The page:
Ms. HAMMOND: I have to admit you guys made a great choice. The Chesapeake Bay Mexican food was delicious. Your tacos al pastor, that barbecued pork ones, were delicious, Neda. And it seemed like they...

ULABY: Oh, god, we just hit a car.

That's right. My mother hit a car. But incredibly, that car was dented and rusty the owner told her not to worry. Still, it wasn't long before the next road trip debacle.

Ms. HAMMOND: Oh, there's a cop.

ULABY: We got pulled over on a scenic stretch near Cambridge, Maryland, a famous stop on the underground railroad where there've been sightings of a ghost slave named Big Liz. It may have been her supernatural interference, but mom's luck held.

Unidentified Man (Police Officer): Ma'am, I'm going to bestow a little mercy on you. This is a written warning for the speed violation.

Ms. HAMMOND: Thank you.

Unidentified Man #1: No points, no fine.

(Soundbite of traffic)

ULABY: Oh, man. That was so awesome.

Ms. HAMMOND: How did that happen? I mean...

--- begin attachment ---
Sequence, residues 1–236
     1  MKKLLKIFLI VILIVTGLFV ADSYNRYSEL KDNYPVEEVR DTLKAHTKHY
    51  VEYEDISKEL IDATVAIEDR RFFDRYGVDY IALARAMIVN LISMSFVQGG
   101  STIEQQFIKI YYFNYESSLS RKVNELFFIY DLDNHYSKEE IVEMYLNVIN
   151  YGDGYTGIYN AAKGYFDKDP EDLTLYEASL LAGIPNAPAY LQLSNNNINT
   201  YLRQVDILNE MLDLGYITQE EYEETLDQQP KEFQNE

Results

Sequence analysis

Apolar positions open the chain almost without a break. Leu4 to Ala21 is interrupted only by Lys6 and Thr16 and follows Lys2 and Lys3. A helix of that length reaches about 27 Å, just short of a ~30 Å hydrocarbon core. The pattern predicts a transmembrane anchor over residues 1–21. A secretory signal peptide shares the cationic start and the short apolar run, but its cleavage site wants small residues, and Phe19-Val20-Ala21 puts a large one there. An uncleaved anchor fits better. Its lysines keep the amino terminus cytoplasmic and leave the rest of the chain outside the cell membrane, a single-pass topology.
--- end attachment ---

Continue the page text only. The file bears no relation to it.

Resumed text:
AZIZA: Make a warning, let's read about this. An important message for - oh my god, he gave you a brochure of how to not do that.

ULABY: When you get close to Chincoteague, at the legal speed, the grass turns marshy and you pass a field of enormous satellite dishes, part of a NASA center that works with the National Oceanic and Atmospheric Agency to track hurricanes, rockets and the space shuttle. There's even a NASA radio station...

(Soundbite of radio static)

ULABY: ...with terrible reception. Chincoteague, year-round population 4,000, is dotted with mom and pop motels, homemade doughnut shops and duck decoy emporiums.

(Soundbite of music)

ULABY: At twilight, on a fairground near the docks, the annual carnival offers crab sandwiches, a modest assortment of rides, hand-made pony-themed quilts and games of chance